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Safe Harbor Match by Payroll - failing compensation ratio test


ekg24

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I have a Safe Harbor Basic Match plan with only 401(k) and SHM contributions (calculated by payroll). The plan excludes commissions - and fails compensation ratio test (3.52%). I'm not sure how to handle it from here.

 

Thanks!

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I like Lou's idea.  but wonder......

Is there any thought that because the payroll-period SH match on the commissions would not have been deposited quarterly as is typically required, that somehow the adjustment now also has to include earnings from what would have been those "end of following quarter" deadlines?

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I'd also be concerned that the change to the method used to calculate the safe harbor match would have to be disclosed in an updated safe harbor notice. Which obviously you can't do after the end of the year, so it would be impossible to make this change and retain the safe harbor. The result being that you lose the safe harbor and have to be ADP/ACP tested if you fail the 414(s) test.

Free advice is worth what you paid for it. Do not rely on the information provided in this post for any purpose, including (but not limited to): tax planning, compliance with ERISA or the IRC, investing or other forms of fortune-telling, bird identification, relationship advice, or spiritual guidance.

Corey B. Zeller, MSEA, CPC, QPA, QKA
Preferred Pension Planning Corp.
corey@pppc.co

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I agree with Corey. You lose SH and do ADP/ACP testing using gross comp (or some 414(s) compliant definition) as your testing comp. If this was a DB or PS that otherwise had a safe harbor formula but failed nondiscriminatory compensation you would need to general test using a 414(s) comp, and ADP/ACP are the "general test" versions for 401(k) and 401(m).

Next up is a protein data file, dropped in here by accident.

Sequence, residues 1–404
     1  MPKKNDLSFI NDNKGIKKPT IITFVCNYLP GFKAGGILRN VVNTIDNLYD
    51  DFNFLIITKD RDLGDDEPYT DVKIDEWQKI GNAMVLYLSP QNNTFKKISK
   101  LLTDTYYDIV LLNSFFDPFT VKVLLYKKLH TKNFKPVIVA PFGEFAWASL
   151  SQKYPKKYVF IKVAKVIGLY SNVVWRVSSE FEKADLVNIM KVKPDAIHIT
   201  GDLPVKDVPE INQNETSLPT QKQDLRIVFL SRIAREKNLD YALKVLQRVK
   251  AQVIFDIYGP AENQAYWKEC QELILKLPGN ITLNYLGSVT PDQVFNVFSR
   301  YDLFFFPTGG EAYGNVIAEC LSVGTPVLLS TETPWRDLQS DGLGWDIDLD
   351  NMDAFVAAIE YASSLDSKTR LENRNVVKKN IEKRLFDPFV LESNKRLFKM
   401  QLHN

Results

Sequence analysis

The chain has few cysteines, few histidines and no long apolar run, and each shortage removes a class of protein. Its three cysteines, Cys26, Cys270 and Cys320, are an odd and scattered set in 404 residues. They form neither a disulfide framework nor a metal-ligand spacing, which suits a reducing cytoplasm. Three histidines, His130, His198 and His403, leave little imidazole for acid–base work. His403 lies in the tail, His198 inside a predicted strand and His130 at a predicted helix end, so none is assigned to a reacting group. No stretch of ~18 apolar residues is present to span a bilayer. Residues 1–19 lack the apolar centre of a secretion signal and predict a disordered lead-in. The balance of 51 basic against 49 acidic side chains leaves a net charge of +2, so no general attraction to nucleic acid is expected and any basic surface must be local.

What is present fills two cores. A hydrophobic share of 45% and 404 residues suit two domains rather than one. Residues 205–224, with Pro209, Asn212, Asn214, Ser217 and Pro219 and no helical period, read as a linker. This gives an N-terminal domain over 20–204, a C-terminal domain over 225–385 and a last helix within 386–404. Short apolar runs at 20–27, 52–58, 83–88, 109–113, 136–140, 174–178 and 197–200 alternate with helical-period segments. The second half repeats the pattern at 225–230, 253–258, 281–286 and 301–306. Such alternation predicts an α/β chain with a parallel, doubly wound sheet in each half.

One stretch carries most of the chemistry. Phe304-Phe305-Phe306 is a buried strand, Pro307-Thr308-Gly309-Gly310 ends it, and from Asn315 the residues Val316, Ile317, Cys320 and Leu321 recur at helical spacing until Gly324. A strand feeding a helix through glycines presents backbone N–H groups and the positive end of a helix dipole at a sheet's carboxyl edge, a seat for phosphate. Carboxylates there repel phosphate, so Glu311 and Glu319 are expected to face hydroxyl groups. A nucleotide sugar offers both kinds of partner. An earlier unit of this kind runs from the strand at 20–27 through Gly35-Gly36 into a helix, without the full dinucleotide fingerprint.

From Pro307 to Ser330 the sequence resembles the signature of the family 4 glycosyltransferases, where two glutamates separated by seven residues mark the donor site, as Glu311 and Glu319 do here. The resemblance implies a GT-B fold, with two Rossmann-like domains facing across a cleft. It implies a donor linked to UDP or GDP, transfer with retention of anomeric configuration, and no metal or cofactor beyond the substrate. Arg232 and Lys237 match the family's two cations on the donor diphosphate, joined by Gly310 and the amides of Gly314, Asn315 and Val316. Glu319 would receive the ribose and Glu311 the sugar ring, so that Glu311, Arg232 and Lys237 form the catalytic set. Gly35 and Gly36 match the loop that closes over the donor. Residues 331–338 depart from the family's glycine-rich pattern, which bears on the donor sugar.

Kenneth M. Prell, CEBS, ERPA

Vice President, BPAS Actuarial & Pension Services

kprell@bpas.com

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I am having one of those end of the day moments:

401k plan may limit type of compensation from which participants may defer to a reasonable definition of compensation.  Definition does not need to pass compensation ratio test.  Matching is based on deferal amount, not compensation, so is there an issue if a safe harbor match plan fails the compensarion ratio test?

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The plan is safe harbor. I don’t have the plan document, but I doubt it has something that says you are not safe harbor when the compensation definition fails 414(s). So unless the document requires it, you don’t run ACP testing. Instead, the plan loses its nice tax-qualified status, that’s all.

You then wonder why you got rid of an ACP test in exchange for a 414(s) in the first place.

You can’t just retroactively tell everyone with commissions that you are now going to retroactively include commissions for the match and say “We sure hope you deferred enough under the old compensation definition so that now with this new definition you will retroactively get the full match. We’re sure your deferral election would have been the same if you knew this beforehand.”

Maybe EPCRS has changed and I missed that this is now available to be self-corrected? I admit, that is possible so I’ll be happy to hear about it.

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A plan does not lose safe harbor status.  It has a failure that needs to be corrected.  Follow the terms of the plan document. 

Assuming you have a pre-approved plan document, and this plan was designed to be an ADP/ACP safe harbor, the document certainly says that the plan will satisfy ADP/ACP testing by satisfying the safe harbor requirements.  It must still do that - in a nondiscriminatory way. 

I bet somewhere in the plan document (buried in the BPD section on safe harbor contributions) it also says that the SH contribution must be based on a nondiscriminatory (not just reasonable) definition of comp. If the plan didn't do so, it has an operational failure that needs to be corrected by doing what it is supposed to do (no -11(g) amendment as this isn't a nondiscrimination or coverage failure, it was an operational failure). 

The plan should recalculate the match based on a nondiscriminatory definition of comp. (and I would do an annual/true-up allocation since the correct periodic match wasn't deposited by the end of the following quarter). That'll be in the BPD as well.

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